It is one thing to laugh along with a production, and in some cases, this one-off concert version of Zorro The Musical provides some opportunities to do just that. When Ramon (Robert Tripolino) goes to confession regarding his relations with his father Alejandro (Zubin Varla), he’s duly informed it is customary to address the person being confessed to as ‘Father’: but when he speaking about his own father, and when the priest calls him ‘my son’, who are they really talking about? But there are also times when I found myself laugh at this production. For all the talent on stage (and looking at the cast biographies in the concert’s programme, it is considerable to say the least), a fair few of them came across as simply trying too hard, which somewhat took away from the enjoyment of a technically skilled performance.
Zorro, for people like me who only really get introduced to famed fictional characters on seeing a stage adaptation of an otherwise well-known story, has been portrayed by, amongst many others, Anthony Hopkins and Antonio Banderas. He is really Don Diego de la Vega (in this production, Ricardo Afonso, who sang so beautifully he gained a mid-show standing ovation from certain members of the audience). Diego – as I understand it – is the heir to the vast lands owned by Don Alejandro. In this version, however, Don Alejandro is instead some kind of unelected and supreme ruler of a section of California (nope, I have no idea how that works in the ‘land of the free’ either). He puts on an elaborate disguise – which wasn’t very elaborate at all in this concert version, frustratingly – in order to try to stop the tyrannical regime run by Ramon, who has succeeded his father, not exactly legitimately.
Aside from Afonso, who is from Portugal, Lesli Margherita (playing a gypsy, Inez) from the United States and Tripolino, from Australia, this is largely a bunch of British actors, who, to be frank, fail to convince as being of Spanish or Latino heritage. At least Emma Williams’ Luisa doesn’t even attempt an accent, delivering her lines in stage school style British English. Fair play to her on that, and on some spine-tingling performances in ‘Falling’ in the first half and ‘Man Behind The Mask’ in the second.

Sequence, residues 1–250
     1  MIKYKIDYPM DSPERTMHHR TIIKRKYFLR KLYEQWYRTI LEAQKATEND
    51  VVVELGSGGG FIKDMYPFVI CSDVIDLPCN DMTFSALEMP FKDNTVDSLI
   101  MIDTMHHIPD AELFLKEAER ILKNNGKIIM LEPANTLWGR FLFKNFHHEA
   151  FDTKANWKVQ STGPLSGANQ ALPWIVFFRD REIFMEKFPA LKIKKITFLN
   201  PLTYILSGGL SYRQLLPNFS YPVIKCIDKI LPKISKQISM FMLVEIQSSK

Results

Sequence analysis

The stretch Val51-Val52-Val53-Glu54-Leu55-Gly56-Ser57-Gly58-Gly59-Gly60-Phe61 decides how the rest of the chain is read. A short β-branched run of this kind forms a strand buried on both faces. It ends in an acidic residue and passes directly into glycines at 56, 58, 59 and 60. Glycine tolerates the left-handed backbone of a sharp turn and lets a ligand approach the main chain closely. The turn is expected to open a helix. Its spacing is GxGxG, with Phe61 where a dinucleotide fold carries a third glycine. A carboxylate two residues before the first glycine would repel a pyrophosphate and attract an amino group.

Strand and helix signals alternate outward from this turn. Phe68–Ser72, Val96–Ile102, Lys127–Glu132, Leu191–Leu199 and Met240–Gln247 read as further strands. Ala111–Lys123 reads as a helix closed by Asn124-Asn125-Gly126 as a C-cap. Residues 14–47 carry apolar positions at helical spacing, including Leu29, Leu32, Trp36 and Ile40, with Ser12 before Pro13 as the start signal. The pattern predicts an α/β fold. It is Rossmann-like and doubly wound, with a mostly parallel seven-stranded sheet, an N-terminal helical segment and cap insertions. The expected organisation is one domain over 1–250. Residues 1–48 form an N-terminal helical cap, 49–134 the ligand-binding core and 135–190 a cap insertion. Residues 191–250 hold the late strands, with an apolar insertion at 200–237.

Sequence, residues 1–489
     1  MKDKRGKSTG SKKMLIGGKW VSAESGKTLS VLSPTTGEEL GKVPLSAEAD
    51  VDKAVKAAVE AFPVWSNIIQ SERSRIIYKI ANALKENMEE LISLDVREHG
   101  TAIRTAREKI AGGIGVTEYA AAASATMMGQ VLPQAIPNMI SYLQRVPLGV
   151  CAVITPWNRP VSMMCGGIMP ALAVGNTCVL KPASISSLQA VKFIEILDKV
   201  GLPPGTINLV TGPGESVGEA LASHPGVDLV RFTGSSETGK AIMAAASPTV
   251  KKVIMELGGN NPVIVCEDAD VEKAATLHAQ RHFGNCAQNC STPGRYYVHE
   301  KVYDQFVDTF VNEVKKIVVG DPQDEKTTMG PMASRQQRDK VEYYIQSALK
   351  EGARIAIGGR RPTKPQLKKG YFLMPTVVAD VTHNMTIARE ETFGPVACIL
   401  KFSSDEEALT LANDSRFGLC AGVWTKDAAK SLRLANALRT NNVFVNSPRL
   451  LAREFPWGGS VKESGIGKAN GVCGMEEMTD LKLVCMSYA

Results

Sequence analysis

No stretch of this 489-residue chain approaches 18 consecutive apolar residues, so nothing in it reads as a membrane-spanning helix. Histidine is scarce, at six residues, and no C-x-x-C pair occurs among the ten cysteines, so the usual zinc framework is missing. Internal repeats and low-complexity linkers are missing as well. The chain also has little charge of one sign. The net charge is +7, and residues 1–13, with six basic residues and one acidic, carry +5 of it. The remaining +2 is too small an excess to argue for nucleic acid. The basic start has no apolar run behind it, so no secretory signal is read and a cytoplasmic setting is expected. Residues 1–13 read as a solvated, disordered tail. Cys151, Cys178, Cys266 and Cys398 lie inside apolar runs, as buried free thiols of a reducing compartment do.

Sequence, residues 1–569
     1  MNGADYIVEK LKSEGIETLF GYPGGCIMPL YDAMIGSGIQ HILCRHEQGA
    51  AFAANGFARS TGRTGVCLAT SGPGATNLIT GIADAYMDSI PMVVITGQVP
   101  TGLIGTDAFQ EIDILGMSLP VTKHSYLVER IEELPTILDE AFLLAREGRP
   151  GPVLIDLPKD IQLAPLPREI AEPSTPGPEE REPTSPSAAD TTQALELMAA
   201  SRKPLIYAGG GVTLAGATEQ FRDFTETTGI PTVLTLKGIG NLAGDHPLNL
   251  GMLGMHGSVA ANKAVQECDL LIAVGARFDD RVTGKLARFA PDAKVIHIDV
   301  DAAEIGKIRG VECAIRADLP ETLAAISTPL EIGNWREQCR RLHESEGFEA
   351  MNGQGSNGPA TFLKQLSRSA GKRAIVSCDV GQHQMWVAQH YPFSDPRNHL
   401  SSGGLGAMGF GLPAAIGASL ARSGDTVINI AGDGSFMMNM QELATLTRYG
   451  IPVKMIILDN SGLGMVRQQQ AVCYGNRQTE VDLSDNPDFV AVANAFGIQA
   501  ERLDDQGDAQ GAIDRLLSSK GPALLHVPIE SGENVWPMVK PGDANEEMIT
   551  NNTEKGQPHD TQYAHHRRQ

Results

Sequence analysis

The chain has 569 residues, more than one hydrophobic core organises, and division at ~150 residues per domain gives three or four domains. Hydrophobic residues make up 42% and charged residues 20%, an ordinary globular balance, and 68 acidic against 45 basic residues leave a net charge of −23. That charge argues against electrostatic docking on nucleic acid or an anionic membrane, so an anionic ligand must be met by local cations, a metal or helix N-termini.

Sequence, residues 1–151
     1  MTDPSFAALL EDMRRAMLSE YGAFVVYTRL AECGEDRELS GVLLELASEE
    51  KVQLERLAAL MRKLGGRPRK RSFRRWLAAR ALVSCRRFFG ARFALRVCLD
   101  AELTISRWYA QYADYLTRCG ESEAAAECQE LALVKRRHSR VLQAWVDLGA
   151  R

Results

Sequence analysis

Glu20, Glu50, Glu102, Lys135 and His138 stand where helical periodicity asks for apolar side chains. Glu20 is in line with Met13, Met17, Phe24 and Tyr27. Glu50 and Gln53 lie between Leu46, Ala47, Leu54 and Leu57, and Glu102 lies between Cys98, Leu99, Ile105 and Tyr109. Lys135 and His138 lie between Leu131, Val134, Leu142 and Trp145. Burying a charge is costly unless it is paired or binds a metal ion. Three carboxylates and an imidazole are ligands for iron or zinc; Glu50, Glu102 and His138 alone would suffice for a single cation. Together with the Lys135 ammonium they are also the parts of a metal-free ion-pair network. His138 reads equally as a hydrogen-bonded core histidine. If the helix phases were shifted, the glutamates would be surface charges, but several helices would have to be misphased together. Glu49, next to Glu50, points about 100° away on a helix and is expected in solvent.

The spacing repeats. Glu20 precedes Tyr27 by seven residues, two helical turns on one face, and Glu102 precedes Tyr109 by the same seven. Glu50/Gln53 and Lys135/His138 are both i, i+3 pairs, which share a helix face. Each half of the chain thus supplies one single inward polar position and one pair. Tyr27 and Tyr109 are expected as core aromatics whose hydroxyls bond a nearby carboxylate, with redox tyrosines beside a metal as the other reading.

Fifteen actors comprised the LMTO Chorus (in the order given in the programme, Catalina Amaral, Charlotte Clitherow, Daniel Amity, James Leeman, Joe Thompson-Oubari, Justine Saville, Mia Michaud, Richard Upton, Richard James-King, Danny Lane, Enrico Volpi, Grace Mouat, Lauren Lockley, Margarida Silva, Matthew McDonald), with the London Musical Theatre Orchestra itself, as ever under the baton of Freddie Tapner, reduced from its usual twenty-something to ten – somebody somewhere decided violins and cellos (and so on) were completely superfluous to this concert. The children’s cast – Young Ramon (Tahj Kerr), Young Diego (Devon Francis) and Young Luisa (Caterina Bargioni) did brilliantly.
Overall, though, this felt like a production put on by the BBC. I simply didn’t feel like I had been transported to a place filled with Spanish characters. Perhaps the concert format didn’t help, but there was relatively little dancing (given the style of the music of The Gypsy Kings, who perform in Spanish) going on. Most of it happened, to be honest, in the encore, post curtain-call. Perhaps it is just one of those shows that needs to be done as a full production to be properly appreciated for what it is. Some tremendous singing voices though.
London lad, loving life and all that it has to offer.